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how much bud does a weed plant grow

How much bud does a weed plant grow

In plain English:

We do not encourage growers to use incandescent light bulbs when growing indoors. To get enough energy for your plant, the bulb would put off too much heat and not be fun to see on your electric bill. CFL bulbs are equally useless. Stick to new technology to protect your plants and your wallet.

In some ways you may think that if you pop more marijuana seeds or get more clones that you will get a bigger harvest in the end. This is not always true.

cannabis plant basking in lightLight to Increase Weed Plant High Yield

Immediately upon harvesting, your buds will be quite heavy. That’s because, like humans, freshly harvested cannabis flowers are 75 – 80% water by weight. Once dried and cured, the actual harvest you get is about ¼ of the wet weight. So, if your harvest weighs out at an ounce at first cut, when it’s all said and done, you will have a quarter ounce of homegrown weed to smoke.

Sunlight is the most powerful light us earthlings have access to, so if you are able to give your plant direct sunlight, do it! Sunshine is also free, and that is a big plus. The only downside is that we cannot control cloudy or rainy days and winter makes it challenging to grow with the limited amount of sunlight (the freezing temperatures also don’t help).

​​Yield vs. Potency

But, hydroponic systems are also 1) more expensive to set up and run, 2) can take time (like several runs) to dial in a nutrient feeding schedule and 3) can go wrong if your plants are fed too much.

Same goes with autoflowering cannabis, with an autoflower seed indoors, you’ll want to give it 20 hours light / 4 hours darkness each day.

How much bud does a weed plant grow

Additionally, if growing in containers, the size of the container, or the amount of soil the plant’s roots have, will affect the size of a plant. Growing in too small of a pot can stunt a plant’s growth.

As states legalize weed and the plant becomes more accepted, more people are trying out their green thumbs by growing their own weed at home. Most states with legal weed allow one person to grow six plants at their residence and an entire household to grow 12 plants. Some allow less, and some allow more.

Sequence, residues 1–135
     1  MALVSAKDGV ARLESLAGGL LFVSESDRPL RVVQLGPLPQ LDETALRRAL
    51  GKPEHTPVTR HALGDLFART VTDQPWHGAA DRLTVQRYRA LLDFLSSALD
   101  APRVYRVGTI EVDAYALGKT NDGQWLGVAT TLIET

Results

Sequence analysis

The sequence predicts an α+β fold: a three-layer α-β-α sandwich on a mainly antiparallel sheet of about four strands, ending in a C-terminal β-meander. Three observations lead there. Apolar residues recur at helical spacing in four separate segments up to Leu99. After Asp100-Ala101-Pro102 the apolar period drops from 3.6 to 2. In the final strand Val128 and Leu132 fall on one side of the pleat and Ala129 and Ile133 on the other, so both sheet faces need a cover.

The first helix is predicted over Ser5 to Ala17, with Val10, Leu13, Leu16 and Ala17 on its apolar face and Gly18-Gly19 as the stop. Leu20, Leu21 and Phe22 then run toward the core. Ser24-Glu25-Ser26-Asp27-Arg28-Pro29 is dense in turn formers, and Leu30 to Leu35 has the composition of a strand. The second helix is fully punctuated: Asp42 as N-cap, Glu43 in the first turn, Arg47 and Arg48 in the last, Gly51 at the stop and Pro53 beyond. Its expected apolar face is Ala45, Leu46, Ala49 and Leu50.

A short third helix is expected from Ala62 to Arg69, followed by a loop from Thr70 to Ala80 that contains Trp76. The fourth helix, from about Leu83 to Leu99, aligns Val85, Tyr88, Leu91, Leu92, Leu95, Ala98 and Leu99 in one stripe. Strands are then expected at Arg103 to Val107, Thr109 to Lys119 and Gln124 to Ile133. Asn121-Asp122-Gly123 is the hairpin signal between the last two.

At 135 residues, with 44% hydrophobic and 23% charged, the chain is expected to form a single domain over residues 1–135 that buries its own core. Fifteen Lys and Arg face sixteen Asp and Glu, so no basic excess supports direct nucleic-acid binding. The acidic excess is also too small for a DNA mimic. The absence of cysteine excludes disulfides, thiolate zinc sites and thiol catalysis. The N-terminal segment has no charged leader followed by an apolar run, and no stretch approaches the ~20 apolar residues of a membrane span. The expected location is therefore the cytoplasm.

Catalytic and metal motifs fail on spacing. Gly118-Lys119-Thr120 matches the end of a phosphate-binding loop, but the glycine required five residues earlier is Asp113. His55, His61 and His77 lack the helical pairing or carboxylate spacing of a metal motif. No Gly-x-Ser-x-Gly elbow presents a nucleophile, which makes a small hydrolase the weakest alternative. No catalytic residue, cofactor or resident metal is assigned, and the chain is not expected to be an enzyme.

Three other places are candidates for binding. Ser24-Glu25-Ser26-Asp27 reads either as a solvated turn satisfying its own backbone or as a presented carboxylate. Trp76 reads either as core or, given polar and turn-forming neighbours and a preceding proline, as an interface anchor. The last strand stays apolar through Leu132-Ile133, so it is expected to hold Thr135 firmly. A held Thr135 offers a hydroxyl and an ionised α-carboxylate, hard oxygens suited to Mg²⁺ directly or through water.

Weed typically likes warm, temperate climates—think of Northern California’s Emerald Triangle region—but certain strains thrive in different temperatures. Traditionally, indicas like cold, dry climates and sativas like warm, humid climates.

A big plant doesn’t necessarily mean big yields, as buds can be thin and wispy. A medium-sized plant with quality, dense nugs could yield more than a six-foot tree. Also, if growing multiple plants, they can grow over each other and shade one other out, reducing yields. Make sure to give plants plenty of space.

Climate

So if you weigh a freshly cut plant at three pounds, don’t get too excited—you’ll likely get ¾ lb. of finished buds (which is still a lot of weed).

Be sure to prune your plants to remove dead leaves and buds, and branches that won’t turn into sizable buds. Clearing out plant matter will allow the quality buds to get more light.

How much light a plant receives is highly variable. When growing outside, it all depends on where a plant is located to receive the most light throughout the entire season. Weed plants like full sun—at least six hours of direct sunlight every day. If a plant is in the shade or gets shaded as the light changes throughout the season, it can affect yields.

How much bud from one weed plant?

Sudden extreme changes in temperature can affect a plant’s growth and yields, such as a sudden cold snap, which can slow a plant’s growth, or a heatwave, which can dry out a plant.

We’ll go through those factors and talk a little bit about the harvest process to estimate how much weed you can get from one plant.

How much bud does a weed plant grow

Growing cannabis from seed is possible but impractical.

If you’re 21 or older, Amendment 64 allows you to cultivate up to six marijuana plants in an “enclosed, locked space” in Colorado. (This is still illegal under federal law.)

A: Hemp is basically a cultivated variety of sativa. For several thousand years, it has been bred for tall growth, fibrous stems and low THC levels. It still has the medicinal cannabinoids, but you need so many hemp plants to get valuable cannabinoid content — more than 100 — that it wouldn’t be worth growing at home.